Kalra says social distancing will be maintained in the kitchen as well with fewer chefs working in the kitchen. “This might make us compress the menu slightly,” he says. “We shall also be limiting the total number of people allowed inside the restaurant at any given time,” he adds.
Massive Restaurants is also contemplating putting up live cameras in their restaurants that will be streaming on the Internet so anyone across the globe can log on to their website and see how they are operating. To maintain minimum contact, Kalra says they are looking at using disposable crockery and cutlery of very high quality “but this will depend upon guidelines from the authorities”.
The restaurants will also use high-tech instruments and ultra-violet enabled technology to ensure cleanliness especially during table turnovers.
Zomato is offering restaurants 'contactless dining' features whereby diners can explore the menu, order and pay without coming in contact with a staff member. “This eliminates the need for menu cards and bill books, two articles that are often touched by guests, and are typically unsanitized and could potentially be a source of concern,' Gaurav Gupta, Co-Founder and Chief Operating Officer at Zomato wrote in a blog post.
While A D Singh, managing director and co-founder of the Olive group of restaurants that has brands such as Olive, Guppy, Fatty Bao and Monkey Bar, doesn’t like the term ‘contactless dining’ and prefers to call it ‘smart dining’, he does admit that exploring the menu, ordering and paying on an app is the way forward. “Diners may like to come in for a short period of time and prefer to order beforehand. We need to accordingly revise our menu for our different brands. They may not be that extensive.”
However, not everyone will be able to offer smart or contactless dining because of the costs involved. “We are contemplating tying up with aggregators. But it is a very difficult time for independent establishments like ours. With a loss of income like we have faced, we are also worried about the kind of margins that the aggregators are going to demand knowing that this situation makes us vulnerable,” says Parul Pratap, Chef Partner - Music and Mountains.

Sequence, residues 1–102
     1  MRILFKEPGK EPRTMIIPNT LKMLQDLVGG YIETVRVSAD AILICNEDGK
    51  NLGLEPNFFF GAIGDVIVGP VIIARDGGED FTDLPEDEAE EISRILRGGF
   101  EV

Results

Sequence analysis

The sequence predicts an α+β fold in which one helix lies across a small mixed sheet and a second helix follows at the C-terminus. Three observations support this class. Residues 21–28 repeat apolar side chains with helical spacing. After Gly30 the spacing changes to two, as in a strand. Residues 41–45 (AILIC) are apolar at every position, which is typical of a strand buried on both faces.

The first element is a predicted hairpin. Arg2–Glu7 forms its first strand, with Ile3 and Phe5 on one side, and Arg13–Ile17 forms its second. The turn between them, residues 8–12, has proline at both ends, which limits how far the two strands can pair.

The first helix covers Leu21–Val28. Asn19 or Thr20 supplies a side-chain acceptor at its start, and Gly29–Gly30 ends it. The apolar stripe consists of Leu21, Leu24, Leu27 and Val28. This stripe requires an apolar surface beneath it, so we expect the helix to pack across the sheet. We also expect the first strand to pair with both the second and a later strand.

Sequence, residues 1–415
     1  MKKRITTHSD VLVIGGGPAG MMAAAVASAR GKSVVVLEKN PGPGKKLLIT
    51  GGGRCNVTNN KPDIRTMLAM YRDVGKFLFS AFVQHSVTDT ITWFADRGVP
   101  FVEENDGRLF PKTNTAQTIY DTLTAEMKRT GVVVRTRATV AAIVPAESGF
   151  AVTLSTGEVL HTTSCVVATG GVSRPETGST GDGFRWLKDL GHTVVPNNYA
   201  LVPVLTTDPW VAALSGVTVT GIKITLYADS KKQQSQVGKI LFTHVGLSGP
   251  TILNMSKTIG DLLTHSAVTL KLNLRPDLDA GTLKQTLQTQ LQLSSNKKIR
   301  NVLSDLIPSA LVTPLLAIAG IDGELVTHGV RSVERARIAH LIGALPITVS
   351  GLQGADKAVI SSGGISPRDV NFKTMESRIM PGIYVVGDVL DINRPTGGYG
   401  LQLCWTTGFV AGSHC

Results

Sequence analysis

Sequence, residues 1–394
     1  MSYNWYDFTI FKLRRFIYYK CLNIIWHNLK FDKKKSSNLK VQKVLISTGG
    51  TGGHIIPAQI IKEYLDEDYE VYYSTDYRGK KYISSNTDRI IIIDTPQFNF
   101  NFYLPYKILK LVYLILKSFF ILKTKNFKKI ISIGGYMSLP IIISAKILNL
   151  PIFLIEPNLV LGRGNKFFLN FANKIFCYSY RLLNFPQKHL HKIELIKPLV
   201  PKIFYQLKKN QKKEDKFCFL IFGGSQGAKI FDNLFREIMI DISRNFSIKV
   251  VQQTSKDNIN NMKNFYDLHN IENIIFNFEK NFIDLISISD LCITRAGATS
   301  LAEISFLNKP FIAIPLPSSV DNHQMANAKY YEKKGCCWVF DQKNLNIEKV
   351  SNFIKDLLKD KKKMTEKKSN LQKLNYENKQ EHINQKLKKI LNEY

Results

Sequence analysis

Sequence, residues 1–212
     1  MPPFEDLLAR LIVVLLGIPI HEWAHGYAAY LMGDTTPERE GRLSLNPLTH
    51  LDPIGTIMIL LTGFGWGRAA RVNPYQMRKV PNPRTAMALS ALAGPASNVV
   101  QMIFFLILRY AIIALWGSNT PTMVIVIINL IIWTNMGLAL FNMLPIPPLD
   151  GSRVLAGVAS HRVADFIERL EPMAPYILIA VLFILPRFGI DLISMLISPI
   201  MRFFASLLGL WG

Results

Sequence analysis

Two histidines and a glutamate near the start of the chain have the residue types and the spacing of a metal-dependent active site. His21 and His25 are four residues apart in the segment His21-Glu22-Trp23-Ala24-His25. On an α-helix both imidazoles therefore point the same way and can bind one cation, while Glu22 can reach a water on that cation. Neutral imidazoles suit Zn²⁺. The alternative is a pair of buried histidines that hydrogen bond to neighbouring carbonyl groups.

Adds Manish Yadav, founder of Fig at Museo, a Gurgaon-based health café: “Commercials need to be weighed against benefits since most restaurants will struggle to protect margins.”
While fine dining restaurants generally have the space and may not need to reduce the number of covers, casual restaurants and cafes that have tables closer together might need to halve the seating arrangement.
“Some of our restaurants had community tables which we have planned to remove now. There will be a reduction in the number of covers and therefore the revenue potential,” says Vineet Manocha, Senior Vice President, Culinary, Lite Bite Foods that owns brands such as Punjab Grill, The Artful Baker, Zambar, Asia 7, among others.
Yadav says that they will reduce the number of covers to 70 per cent for the first few months after re-opening. “We have sufficient place to practice social distancing.”
Adds Dhruv Goyle, chief operating officer of Delhi-based Cafe Tesu & Essex Farms: “We would be definitely reducing seating, we are waiting for the guidelines from the Government.”